WORLD / EUROPE
Arctic sizzled in 2020, the warmest year for European countries too
Published: Apr 22, 2021 09:58 PM
Europe endured record heat and rainfall in 2020 while temperatures in Arctic Siberia soared off the charts, the European Union's climate monitoring service reported Thursday.

An iceberg calving with a mass of ice breaking away from the Apusiajik glacier, near Kulusuk (aslo spelled Qulusuk), a settlement in the Sermersooq municipality located on the island of the same name on the southeastern shore of Greenland on August 17, 2019. Photo: VCG

An iceberg calving with a mass of ice breaking away from the Apusiajik glacier, near Kulusuk (aslo spelled Qulusuk), a settlement in the Sermersooq municipality located on the island of the same name on the southeastern shore of Greenland on August 17, 2019. Photo: VCG

The continent in 2020 was nearly 0.5 C hotter than the next warmest year, according to the Copernicus Climate Change Service (C3S).

That means Europe was more than 2 C warmer than in a world unaltered by carbon emissions from burning fossil fuels - and far above the temperature limits enshrined in the Paris climate accord. The 2015 treaty enjoins nearly 200 nations to cap global warming at "well below" two degrees compared to mid-19th century levels, and 1.5 C if possible.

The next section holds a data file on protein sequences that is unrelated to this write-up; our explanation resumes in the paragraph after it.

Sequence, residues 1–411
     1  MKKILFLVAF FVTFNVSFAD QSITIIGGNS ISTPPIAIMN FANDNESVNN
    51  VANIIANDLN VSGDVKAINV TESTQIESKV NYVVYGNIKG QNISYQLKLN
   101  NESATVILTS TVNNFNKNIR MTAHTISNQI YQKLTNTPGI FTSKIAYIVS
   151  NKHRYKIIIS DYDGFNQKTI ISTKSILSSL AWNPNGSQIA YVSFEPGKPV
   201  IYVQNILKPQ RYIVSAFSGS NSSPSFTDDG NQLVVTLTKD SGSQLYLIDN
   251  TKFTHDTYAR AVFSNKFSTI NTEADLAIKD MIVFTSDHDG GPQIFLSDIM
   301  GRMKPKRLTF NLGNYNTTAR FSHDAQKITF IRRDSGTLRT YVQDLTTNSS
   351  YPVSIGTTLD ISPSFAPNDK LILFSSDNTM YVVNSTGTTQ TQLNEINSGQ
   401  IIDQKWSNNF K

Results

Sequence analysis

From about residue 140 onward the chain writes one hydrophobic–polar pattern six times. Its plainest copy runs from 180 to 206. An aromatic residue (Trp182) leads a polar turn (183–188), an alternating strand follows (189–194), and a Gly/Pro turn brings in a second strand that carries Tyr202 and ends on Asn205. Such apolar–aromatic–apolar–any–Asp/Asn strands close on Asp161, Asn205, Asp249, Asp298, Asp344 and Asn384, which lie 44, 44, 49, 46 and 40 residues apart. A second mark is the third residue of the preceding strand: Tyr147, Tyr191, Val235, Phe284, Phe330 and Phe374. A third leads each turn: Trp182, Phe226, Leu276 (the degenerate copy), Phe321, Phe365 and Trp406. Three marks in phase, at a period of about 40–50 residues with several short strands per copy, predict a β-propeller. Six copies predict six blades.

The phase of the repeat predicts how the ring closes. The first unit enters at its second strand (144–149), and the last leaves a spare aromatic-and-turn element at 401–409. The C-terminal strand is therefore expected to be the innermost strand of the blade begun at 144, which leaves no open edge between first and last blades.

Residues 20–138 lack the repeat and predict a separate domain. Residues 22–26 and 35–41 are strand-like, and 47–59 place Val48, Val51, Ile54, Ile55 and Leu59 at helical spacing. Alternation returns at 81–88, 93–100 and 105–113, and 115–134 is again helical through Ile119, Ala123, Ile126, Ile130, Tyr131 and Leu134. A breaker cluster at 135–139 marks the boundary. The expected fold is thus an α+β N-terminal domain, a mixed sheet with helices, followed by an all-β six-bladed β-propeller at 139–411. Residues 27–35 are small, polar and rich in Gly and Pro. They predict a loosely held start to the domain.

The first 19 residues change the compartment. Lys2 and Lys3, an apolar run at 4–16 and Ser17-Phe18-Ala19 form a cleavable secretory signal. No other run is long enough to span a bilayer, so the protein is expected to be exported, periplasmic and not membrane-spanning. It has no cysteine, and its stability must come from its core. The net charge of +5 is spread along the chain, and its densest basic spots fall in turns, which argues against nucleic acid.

Globally, average surface temperatures have risen about 1.2 C above the pre-industrial benchmark, the report noted. The six years since 2015 are the warmest on record, as are 20 of the last 21, clear evidence of a feverish planet.

"The trend over three years, five years, 10 years is unequivocal," Jean-Noel Thepaut, director of the European Centre for Medium-Range Weather Forecasts, which includes C3S, told AFP.

"This is the big picture. It is urgent to act."

On current trends, heatwaves could make large swathes of the tropics unliveable by mid-century, and sea level rise could displace tens, perhaps hundreds of millions of people, scientists warn.

"Looking at temperature on a global scale, the last 10 to 15 years have shown an acceleration, it's the same for sea level," Thepaut said in an interview. 

"For other indicators it is less clear, but all the trends are going in the wrong direction."

In the Autumn and Winter of 2020, Europe was not only warmer than usual but wetter, especially across its north-central regions.

Early October brought storm Alex, the first of the 2020-21 winter storm season. 

Exceptionally abundant rainfall broke one-day records in Britain, northwestern France and in the southern Alps. 

The French and Italian sides of the Maritime Alps saw daily deluges reaching more than three times the typical average for the entire month in some places.
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